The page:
Wed. Sep 28th, 2022
Artistic conception of the search for an electron dipole.
enlarge / At the moment we don’t have a magnifying glass big enough to see the dipole moment of the electron.

Last week, or maybe the week before (the days fly by so fast), all the reporters were amazed that the electron was round. Very round. I put it on my list of things to write about, took a deep breath, and plunged back into the painful process of judging. Numbers are now ready and the electron is still round.

What makes a round electron so important? And what do we mean by round?

It’s all about symmetry

The electron is, in most notions, a perfect point particle. It has no internal structure – it’s just a point with a negative charge, a certain angular momentum, and a small magnet.

Those last two, ahem, are points where the point-like description of the electron goes wrong. A magnet has poles, which suggests that the electron must have an internal charge distribution that is elongated along the axis of a magnetic field. That suggestion, it turns out, is difficult to quantify. It takes a fair amount of theoretical hard work to show that there is an elongated charge distribution that becomes noticeable at a non-zero electric dipole moment.

That leads to an obvious question: what is an electric dipole moment? Essentially, a dipole moment describes how an elongated charge distribution is subject to torque (a force that rotates the charge distribution).

The electric American football

To get a grip on that, we go up in scale to a metal football (of the American football variant). The football hangs in space with the long axis of the football vertical. Suppose I charge the football full of electrons. The charges don’t like each other, so they move as far apart as possible. In a shape like a football, moving far apart means the charges gather at the pointed ends of the football and stare angrily at each other like fans of rival teams.

Now that we have our charged football, let’s try to spin it by shooting electrons at it. The electrons we shoot at the football are deflected by the negative charge on the football. The act of deflecting the electrons gives the football a kick.

The pointed ends of the soccer ball deflect our electrons more forcefully than the center. If we shoot the electrons even slightly off center along the vertical axis of the soccer ball, one end gets more kick than the other, and the soccer ball ends up end over end.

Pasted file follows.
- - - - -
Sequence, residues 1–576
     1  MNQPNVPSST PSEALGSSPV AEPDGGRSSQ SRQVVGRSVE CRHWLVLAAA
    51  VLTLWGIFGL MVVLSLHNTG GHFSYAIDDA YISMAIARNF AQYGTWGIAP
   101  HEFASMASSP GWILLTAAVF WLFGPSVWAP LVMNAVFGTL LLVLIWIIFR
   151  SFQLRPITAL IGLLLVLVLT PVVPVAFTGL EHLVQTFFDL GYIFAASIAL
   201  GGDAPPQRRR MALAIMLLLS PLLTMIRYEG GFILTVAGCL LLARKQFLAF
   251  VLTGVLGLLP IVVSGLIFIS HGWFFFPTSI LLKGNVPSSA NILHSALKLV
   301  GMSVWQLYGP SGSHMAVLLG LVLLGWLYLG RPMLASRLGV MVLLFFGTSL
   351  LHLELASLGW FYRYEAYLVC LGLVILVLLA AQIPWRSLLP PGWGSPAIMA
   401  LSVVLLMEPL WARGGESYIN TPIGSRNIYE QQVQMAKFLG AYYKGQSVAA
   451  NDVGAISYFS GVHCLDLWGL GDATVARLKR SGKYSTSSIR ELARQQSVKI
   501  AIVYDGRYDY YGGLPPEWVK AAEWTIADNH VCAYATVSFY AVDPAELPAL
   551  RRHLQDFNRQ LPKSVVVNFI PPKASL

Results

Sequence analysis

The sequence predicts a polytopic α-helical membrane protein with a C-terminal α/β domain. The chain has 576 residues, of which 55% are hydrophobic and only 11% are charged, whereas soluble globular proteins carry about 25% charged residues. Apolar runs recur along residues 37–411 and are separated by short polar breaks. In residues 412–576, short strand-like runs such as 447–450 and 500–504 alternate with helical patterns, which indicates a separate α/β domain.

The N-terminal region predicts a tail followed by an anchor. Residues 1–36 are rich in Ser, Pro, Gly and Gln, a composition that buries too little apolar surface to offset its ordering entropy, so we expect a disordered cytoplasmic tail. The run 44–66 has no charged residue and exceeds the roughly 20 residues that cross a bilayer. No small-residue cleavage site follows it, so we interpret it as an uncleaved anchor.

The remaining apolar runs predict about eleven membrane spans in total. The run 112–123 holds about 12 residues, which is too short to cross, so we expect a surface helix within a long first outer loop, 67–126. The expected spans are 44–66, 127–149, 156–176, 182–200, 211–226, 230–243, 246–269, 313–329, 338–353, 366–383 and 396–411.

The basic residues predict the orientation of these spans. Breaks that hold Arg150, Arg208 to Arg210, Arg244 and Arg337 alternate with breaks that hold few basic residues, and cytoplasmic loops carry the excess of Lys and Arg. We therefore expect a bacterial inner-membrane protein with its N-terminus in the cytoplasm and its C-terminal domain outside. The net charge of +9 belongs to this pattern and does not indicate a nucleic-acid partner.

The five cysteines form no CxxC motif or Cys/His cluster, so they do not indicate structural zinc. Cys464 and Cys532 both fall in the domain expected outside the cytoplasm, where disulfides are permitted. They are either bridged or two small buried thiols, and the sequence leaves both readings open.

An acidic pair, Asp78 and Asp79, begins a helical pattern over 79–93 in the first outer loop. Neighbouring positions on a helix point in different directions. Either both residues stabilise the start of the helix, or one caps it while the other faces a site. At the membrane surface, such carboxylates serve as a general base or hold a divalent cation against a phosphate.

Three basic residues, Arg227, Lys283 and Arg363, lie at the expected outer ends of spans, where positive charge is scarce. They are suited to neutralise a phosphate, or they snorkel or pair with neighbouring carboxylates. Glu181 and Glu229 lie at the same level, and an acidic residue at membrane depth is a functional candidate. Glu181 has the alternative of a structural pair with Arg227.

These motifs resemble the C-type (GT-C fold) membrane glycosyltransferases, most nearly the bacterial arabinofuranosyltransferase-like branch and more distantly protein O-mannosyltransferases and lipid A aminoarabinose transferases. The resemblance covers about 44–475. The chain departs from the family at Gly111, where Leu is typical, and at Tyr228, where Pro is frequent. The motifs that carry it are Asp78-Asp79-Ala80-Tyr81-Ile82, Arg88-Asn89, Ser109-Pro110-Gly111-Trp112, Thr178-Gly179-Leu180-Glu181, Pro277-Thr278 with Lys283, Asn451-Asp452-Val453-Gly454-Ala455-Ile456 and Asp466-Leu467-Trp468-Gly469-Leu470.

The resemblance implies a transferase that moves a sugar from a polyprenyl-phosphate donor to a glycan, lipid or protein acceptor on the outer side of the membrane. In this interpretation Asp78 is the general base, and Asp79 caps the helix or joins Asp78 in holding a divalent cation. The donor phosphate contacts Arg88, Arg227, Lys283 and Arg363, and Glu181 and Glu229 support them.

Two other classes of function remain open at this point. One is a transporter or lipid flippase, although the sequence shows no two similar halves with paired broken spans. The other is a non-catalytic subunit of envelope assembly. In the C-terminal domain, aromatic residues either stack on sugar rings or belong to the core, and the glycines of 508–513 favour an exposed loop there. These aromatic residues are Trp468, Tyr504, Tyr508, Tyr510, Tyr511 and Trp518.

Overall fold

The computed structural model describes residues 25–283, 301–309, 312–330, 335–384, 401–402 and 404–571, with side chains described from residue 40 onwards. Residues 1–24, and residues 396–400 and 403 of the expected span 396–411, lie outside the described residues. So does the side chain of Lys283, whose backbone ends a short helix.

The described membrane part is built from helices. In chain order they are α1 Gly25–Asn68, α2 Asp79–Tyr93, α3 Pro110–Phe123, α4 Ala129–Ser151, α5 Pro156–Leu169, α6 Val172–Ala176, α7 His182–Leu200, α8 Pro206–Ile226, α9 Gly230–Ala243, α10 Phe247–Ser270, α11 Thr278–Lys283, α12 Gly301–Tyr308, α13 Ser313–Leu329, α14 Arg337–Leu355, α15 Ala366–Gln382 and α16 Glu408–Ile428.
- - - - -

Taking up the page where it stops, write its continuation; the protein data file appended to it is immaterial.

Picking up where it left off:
If you are off-center along the football’s equator, it will also rotate, but that effect is much weaker. The distribution of the charge is much more symmetrical around the equator. Our charged football is thus more sensitive to vertically shifted electron beams.

Searching for the dipole moment of an electron is in fact searching for this difference in sensitivities. The latest round of experiments looks for small shifts in electron behavior when exposed to massive electric fields. Essentially, we are looking for the torque exerted on the electron via non-spherical charge distribution.

Round or a football?

According to the theory, our electron is actually a soccer ball with a charge at the tip ends. Theory predicts that the “length” of the electron soccer is about 10 . is-38cm. That’s quite small – so small that the current reading can’t measure the dipole moment and hits the wall at 10-29cm. Given the experimental limitations, it is not surprising that the electron is looking around and physicists have not found the electric dipole moment of the electron.

So where’s the news in all this? The failure to measure the electric dipole moment has destroyed the hopes and dreams of countless theoretical physicists who had hoped it was within the range of what we can measure. That’s the important point.

Why did they hope? The Standard Model predicts the small electric dipole moment of the electron, but it also leaves us with some open questions. Why are the fundamental constants the values ​​they are? How can the Standard Model be reconciled with gravity? If dark matter is a particle, can we fit it into a modified standard model?

The Standard Model is silent on all these points. Theoretical physicists, for better or for worse, are certainly not silent on this point. Theoretical physicists are constantly discussing extensions of the Standard Model. Each model can answer some or even all of the questions left open by the Standard Model. Many of them also affect the dipole moment of the electron.

The problem, of course, is that there isn’t much data to hang these models from. The Standard Model is pretty much perfect in terms of explaining the experimental data we currently have.

Making soap out of worn-out theories

I will not call the wild speculation of theoretical physicists wild speculation. The extensions they have come up with must somehow generate predictions. The least wanted of these models do just that. And for some of those models, a prediction is that the electron’s electrical dipole moment would be large enough to measure. Those models are now pushing up daisies, killed by a nasty collision with data.

Or rather, the favored particle mass ranges predicted by those models are wrong. Many models predict particles, but theorists get to choose the mass (at least to some extent). Those favored mass ranges were mostly chosen for aesthetic reasons.

The shift from the favored mass range to the unfavorable mass range moves some theories of aesthetic works “so beautiful they can’t possibly be wrong” to “so ugly I want to kick it with a shovel.” Perhaps some physicists will do that and put some models out of their misery.

Nature2018, DOI: 10.1038/s41586-018-0599-8 (About DOIs)

By akfire1

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